However, agency officials emphasized the policy is not an alternative to equipping, nor should aircraft owners expect such authorizations to be a frequent occurrence.
“These per-operation authorizations are not intended to support routine operations of non-equipped aircraft in airspace covered by the rule,” the agency said in its April 1 announcement. “The FAA anticipates that operators who routinely fly in airspace covered by the ADS-B rule are taking the necessary steps to equip in order to ensure there is no disruption to their operations.”
Once the ADS-B mandate goes into effect, aircraft owners seeking to fly in airspace covered by the rule, but whose aircraft are not equipped with ADS-B Out avionics, must request authorization to operate in that airspace at least one hour prior to their proposed flight.
Operating in ADS-B airspace without obtaining such authorization will be considered a violation. The authorization process is distinct from receiving clearance from ATC to operate in airspace requiring ADS-B, officials with the National Business Aviation Association noted.
“The policy is very clear: These per-flight authorizations should absolutely not be viewed as a backup option to ADS-B or justification for not equipping,” said Heidi Williams, NBAA director, air traffic services and infrastructure. “Such authorizations are primarily intended for operators awaiting their scheduled ADS-B installation past the Jan. 1, 2020, deadline, or for pilots who infrequently operate in the affected airspace.”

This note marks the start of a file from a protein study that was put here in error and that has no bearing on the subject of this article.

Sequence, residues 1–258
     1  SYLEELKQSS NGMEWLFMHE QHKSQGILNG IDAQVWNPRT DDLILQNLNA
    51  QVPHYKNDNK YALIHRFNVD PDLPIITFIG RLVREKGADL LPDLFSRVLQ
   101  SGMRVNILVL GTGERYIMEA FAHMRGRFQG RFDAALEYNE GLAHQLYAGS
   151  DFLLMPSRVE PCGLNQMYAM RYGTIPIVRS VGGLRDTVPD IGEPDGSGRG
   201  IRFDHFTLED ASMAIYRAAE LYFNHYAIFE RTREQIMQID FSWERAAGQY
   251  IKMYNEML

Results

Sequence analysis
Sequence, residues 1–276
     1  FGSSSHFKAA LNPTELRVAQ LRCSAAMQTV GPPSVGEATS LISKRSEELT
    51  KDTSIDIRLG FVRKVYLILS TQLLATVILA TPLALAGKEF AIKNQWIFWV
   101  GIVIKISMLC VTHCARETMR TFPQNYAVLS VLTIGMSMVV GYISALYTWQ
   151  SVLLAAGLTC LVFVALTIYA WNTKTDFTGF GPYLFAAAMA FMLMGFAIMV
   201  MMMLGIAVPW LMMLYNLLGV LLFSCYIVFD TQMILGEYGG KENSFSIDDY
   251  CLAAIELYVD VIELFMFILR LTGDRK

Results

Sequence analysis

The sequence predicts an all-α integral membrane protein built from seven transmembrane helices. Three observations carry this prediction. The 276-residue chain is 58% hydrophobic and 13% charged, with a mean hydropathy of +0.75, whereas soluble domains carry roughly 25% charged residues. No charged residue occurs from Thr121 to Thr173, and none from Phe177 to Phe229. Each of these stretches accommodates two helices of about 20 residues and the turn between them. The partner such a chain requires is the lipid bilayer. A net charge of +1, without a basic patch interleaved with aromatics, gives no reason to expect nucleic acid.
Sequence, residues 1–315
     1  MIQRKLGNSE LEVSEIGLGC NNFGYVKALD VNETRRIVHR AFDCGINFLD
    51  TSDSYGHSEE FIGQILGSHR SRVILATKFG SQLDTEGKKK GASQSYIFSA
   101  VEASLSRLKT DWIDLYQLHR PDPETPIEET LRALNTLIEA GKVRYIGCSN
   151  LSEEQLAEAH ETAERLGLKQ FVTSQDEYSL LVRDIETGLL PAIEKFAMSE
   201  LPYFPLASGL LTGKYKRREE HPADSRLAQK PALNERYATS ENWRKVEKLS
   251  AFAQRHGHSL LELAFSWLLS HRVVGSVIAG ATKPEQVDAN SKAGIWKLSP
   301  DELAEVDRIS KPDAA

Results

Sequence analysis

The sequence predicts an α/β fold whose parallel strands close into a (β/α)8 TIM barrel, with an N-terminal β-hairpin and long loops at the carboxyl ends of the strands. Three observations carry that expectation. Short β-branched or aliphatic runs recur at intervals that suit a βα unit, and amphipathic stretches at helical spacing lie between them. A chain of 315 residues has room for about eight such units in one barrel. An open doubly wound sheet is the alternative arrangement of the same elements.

The FAA further emphasized that such authorizations may be difficult to receive for non-ADS-B equipped operations near “capacity-constrained airports,” including:
- Boston Logan International Airport (BOS)
- Charlotte Douglas International Airport (CLT)
- Chicago O’Hare International Airport (ORD)
- Dallas/Fort Worth International Airport (DFW)
- Hartsfield-Jackson Atlanta International Airport (ATL)
- Kennedy International Airport (JFK)
- LaGuardia Airport (LGA)
- Los Angeles International Airport (LAX)
- McCarran International Airport (LAS)
- Philadelphia International Airport (PHL)
- Ronald Reagan Washington National Airport (DCA)
- San Diego International Airport (SAN)
- San Francisco International Airport (SFO)
- Seattle-Tacoma International Airport (SEA)
Williams said she expected the agency to unveil a web-based resource in the coming months for aircraft owners to submit their requests and receive authorizations, with an emphasis on same-day operations. Authorizations will not be issued by calling the FAA or any ATC facility, she added.
“The majority of the FAA’s guidance speaks to scheduled operators, but it also applies to Part 135 and Part 91,” she said. “The FAA’s message remains the same as before: If you plan to routinely fly in this airspace, you’d better plan to have ADS-B.”